I looked through the artists, there wasn’t really anybody that I had ever heard of before. But I went there to buy minidiscs, so I settled on Pearl Jam Vitology, even though I already owned it on CD, it didn’t matter, now I could listen to it on minidisc.

This was right around the time of Napster, when I could dial-up to the Internet and hope that nobody would pick up the second phone line for the six or so hours it would take me to illegally download “My Own Worst Enemy” by Lit. Multiply that process by twenty, and bam, I could make my own minidisc mixtape.

They were just like cassettes, but digital. What did that mean? I had no idea, and after a while, the whole process of taking the expensive minidisc player out of the velvet pouch it came packaged in, just so I could listen to the same twenty or so songs over and over again, it began to feel like a chore, one that I couldn’t avoid, because I had asked for this expensive piece of equipment. If I didn’t use it, if I didn’t at least put an effort into getting some sort of satisfaction out of it, then what did it say about me, about my choice in cool presents, in my vision of the future?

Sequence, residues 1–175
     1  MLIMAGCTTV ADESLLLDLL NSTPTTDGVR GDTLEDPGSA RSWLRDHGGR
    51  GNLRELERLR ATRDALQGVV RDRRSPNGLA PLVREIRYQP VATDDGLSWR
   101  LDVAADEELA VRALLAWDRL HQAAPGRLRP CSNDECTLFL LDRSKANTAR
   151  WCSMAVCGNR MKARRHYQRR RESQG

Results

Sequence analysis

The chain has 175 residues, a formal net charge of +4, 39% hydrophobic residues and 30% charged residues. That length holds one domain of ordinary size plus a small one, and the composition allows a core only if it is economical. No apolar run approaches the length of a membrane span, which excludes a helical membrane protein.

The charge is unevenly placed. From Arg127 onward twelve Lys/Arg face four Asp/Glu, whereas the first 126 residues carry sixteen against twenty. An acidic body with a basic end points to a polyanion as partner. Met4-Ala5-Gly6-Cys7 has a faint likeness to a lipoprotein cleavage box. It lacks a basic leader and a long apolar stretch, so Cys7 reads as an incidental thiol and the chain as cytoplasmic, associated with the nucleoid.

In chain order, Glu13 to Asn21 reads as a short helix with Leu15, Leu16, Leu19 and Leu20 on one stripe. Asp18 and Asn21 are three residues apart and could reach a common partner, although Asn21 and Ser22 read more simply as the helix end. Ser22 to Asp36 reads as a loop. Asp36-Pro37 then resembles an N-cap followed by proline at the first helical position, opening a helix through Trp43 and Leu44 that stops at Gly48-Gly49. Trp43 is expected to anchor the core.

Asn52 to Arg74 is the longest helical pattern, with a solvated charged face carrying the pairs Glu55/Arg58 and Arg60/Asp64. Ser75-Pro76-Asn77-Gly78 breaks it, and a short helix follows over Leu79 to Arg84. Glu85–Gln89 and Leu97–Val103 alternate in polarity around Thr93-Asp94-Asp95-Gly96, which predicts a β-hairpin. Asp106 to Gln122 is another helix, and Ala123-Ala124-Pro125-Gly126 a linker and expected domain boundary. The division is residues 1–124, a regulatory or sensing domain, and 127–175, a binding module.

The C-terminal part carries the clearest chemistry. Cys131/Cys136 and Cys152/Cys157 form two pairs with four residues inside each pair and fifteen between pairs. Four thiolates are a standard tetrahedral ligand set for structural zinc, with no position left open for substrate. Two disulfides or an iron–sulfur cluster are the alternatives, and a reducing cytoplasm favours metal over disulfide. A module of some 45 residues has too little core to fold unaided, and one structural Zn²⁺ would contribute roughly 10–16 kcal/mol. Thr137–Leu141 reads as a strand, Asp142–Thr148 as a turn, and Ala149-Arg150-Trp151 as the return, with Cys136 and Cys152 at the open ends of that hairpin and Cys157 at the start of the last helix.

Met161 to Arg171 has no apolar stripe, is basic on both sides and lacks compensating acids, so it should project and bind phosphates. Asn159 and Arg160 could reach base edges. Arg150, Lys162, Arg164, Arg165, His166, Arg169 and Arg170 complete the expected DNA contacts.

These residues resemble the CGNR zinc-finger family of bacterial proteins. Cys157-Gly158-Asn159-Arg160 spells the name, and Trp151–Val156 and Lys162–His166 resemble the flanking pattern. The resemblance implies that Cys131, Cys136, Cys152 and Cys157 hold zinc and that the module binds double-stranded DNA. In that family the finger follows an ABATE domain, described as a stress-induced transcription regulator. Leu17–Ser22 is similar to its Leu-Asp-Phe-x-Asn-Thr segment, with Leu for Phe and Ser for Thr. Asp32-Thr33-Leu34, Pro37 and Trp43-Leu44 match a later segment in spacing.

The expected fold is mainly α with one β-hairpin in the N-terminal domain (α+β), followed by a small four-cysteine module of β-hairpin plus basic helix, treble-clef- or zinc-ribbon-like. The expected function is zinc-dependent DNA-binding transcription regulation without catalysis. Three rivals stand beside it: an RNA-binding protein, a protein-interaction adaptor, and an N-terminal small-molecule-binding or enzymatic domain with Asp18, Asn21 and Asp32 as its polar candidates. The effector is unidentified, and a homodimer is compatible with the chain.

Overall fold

It’s like, if I weren’t a little kid when Nintendo’s Virtual Boy came out, I would have been one of the first suckers in line at the video game store. I guess every once in a while some new technology comes out and, even if it winds up failing, there are always going to be a few people stuck with a bunch of leftover useless pieces of hardware.